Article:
The Arion 500 series comes with a 4.5-litre, four-cylinder powerplant, starting from 110hp and going up to 135hp (plus power boost to 155hp for the top of the four-cylinder range 540 model). The 600 series has six-cylinder engines rated from 120hp to 155hp (plus power boost to 175hp for the top of the six-cylinder range 640 model).  The 500 range tractors share the same wheelbase dimensions (2560mm) and weight (5470kg), while the weight of each model in the 600 series increases parallel with horsepower rating, still sharing the same wheelbase dimensions (2820mm).

Each model can be purchased in two different options: CIS, with mechanical control valves and a more basic control system; and CEBIS, which has electronic control valves plus more in-cab functions and controls for contractors.

Capping all this, Landpower is importing a lower spec, lower cost Arion 600 C model, which has a two-valve per cylinder DPS engine and non-suspension cab. So, Claas really covers the market.

Owner of a previously tested Claas Ares tractor, Brian Glass, kindly let me use his paddocks located next to Mystery Creek for our test on a six-cylinder Claas Arion 620 CIS, just prior to the Fieldays. The sort of buyer for this size and type of tractor is going to be a contractor wanting a lighter tractor for some of their jobbing work, or a large-scale farmer wanting a machine with real-world horsepower so they can put a heavy front end loader on and tackle about anything. The Arion 620 weighs in at 5950kg, which uses the engine, transmission and axles as part of the modular chassis. With the Arion range, Claas chose to stick to its knitting and wisely retained Deere Power Systems (DPS) as its main engine supplier. The Arion 620 uses a DPS 6.8-litre Tier IIIA diesel engine producing up to 135hp and a very healthy 580Nm of torque.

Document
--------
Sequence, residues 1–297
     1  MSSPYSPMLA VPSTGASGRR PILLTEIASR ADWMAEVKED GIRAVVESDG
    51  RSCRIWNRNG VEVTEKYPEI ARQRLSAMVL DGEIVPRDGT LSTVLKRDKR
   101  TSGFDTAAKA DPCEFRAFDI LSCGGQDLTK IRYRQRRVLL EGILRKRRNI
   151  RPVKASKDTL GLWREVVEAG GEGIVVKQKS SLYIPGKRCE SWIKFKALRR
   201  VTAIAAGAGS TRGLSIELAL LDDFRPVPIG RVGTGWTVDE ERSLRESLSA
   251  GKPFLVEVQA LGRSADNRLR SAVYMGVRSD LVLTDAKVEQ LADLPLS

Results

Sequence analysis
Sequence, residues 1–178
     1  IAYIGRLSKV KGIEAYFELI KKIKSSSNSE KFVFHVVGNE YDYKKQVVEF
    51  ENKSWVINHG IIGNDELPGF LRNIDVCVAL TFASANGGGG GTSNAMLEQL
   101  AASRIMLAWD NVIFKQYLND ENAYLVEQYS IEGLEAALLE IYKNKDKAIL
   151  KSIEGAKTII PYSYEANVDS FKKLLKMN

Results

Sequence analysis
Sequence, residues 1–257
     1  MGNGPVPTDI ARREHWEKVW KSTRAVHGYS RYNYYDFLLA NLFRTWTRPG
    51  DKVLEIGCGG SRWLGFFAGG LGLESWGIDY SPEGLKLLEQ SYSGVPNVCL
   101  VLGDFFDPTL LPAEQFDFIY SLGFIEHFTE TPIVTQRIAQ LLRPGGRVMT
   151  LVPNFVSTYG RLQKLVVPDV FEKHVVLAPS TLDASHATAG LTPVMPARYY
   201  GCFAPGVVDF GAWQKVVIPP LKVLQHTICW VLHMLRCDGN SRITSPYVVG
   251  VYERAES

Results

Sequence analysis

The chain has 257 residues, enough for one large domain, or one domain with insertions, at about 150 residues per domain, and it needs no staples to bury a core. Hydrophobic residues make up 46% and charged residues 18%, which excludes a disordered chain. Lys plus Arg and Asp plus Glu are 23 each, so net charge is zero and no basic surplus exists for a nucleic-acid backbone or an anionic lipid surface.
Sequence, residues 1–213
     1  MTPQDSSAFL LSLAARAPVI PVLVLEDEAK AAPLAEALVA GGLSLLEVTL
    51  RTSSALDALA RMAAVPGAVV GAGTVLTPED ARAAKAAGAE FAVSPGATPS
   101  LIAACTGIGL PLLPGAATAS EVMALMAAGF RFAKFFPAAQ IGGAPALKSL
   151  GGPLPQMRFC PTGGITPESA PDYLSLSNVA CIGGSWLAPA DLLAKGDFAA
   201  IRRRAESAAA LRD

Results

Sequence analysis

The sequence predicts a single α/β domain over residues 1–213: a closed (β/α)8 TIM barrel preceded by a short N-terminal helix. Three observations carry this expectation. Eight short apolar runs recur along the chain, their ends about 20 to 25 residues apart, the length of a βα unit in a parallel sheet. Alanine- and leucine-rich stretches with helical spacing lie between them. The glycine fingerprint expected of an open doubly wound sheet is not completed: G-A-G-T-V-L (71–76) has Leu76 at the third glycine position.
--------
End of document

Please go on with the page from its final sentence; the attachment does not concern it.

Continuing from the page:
The DPS powerplant includes several features worthy of mention. The air filter unit incorporates a self-cleaning system, where air is occasionally forced inside the air filter to push blocking dust particles away, meaning it has to be cleaned less often. The turbocharger has intercooling to draw in cooler/denser air, increasing the fuel-air combustion chamber burn, and available power. Just like a variable pitch aircraft propeller, the vanes on the turbo are variable pitch, allowing faster power boost times according to varying engine demands. The common rail fuel injection system is electronically controlled to provide instant variables to driver throttle inputs by adjusting pressure, timing, duration and number of injections per cylinder. Not to mention the more efficient four-valve per cylinder valve configuration.